Massachusetts is famous for its out-of-date laws. The Boston Globe cites a few, like a cursing ban at sporting events. But there are other laws, passed over 100 years ago, which could complicate present-day political and legal dilemmas.
But these old laws sometimes have a major effect on modern day issues. Rep. Byron Rushing, D-South End, reminded the Globe that Gov. Mitt Romney used a 1913 law about residency rules to prevent out-of-state gay couples from marrying in Massachusetts. That old law was scrubbed from the books in 2008, five years after it was cited by Romney.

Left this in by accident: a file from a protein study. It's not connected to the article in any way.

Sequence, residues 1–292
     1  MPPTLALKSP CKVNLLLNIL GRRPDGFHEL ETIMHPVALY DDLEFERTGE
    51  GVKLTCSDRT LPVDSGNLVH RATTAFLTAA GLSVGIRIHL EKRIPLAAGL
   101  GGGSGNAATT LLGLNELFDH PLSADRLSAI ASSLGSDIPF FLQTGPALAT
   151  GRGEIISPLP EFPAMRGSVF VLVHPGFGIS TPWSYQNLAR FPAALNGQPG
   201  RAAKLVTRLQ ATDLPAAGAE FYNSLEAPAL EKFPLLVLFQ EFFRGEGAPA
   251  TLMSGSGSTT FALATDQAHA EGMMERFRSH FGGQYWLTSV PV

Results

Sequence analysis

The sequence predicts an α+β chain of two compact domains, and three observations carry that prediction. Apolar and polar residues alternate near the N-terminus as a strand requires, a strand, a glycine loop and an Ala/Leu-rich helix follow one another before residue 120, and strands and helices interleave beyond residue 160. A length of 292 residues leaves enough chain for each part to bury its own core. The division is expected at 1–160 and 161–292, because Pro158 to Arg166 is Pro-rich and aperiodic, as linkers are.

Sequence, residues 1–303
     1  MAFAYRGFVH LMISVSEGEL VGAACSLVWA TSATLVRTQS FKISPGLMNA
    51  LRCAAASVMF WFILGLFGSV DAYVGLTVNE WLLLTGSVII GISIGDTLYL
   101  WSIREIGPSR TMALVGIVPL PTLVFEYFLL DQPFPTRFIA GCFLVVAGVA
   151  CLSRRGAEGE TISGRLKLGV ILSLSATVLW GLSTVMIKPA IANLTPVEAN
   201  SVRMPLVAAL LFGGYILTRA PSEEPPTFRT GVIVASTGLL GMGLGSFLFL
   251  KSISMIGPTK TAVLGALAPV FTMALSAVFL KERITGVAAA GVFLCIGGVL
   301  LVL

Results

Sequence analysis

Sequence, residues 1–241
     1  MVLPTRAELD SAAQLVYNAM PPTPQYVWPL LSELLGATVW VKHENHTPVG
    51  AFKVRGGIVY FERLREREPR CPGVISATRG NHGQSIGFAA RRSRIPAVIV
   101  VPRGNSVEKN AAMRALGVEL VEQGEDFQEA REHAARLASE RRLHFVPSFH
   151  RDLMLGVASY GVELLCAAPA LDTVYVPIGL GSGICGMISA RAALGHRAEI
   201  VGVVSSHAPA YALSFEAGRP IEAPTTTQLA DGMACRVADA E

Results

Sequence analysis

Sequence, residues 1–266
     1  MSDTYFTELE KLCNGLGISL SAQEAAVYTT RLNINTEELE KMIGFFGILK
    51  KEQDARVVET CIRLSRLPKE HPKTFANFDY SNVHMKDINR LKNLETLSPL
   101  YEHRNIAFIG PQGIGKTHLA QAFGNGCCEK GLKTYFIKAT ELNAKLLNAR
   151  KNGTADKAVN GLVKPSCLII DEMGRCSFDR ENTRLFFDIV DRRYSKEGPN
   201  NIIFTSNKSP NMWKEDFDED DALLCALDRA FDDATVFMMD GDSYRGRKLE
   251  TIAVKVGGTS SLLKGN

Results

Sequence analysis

The 19th-century anti-abortion laws are a particularly thorny issue, according to the Globe. They may be relics of a time past, but that didn't stop the Essex County District Attorney's office from charging a woman using an 1845 statute in a 2007 case.
What do you think? Does the state need to clear out all these antiquated laws from the books, or is this a low priority for the legislature this year? Do the laws add quirk and humor to the commonwealth, or are they an embarrassing reminder of a less tolerant time? Tell us in the comments.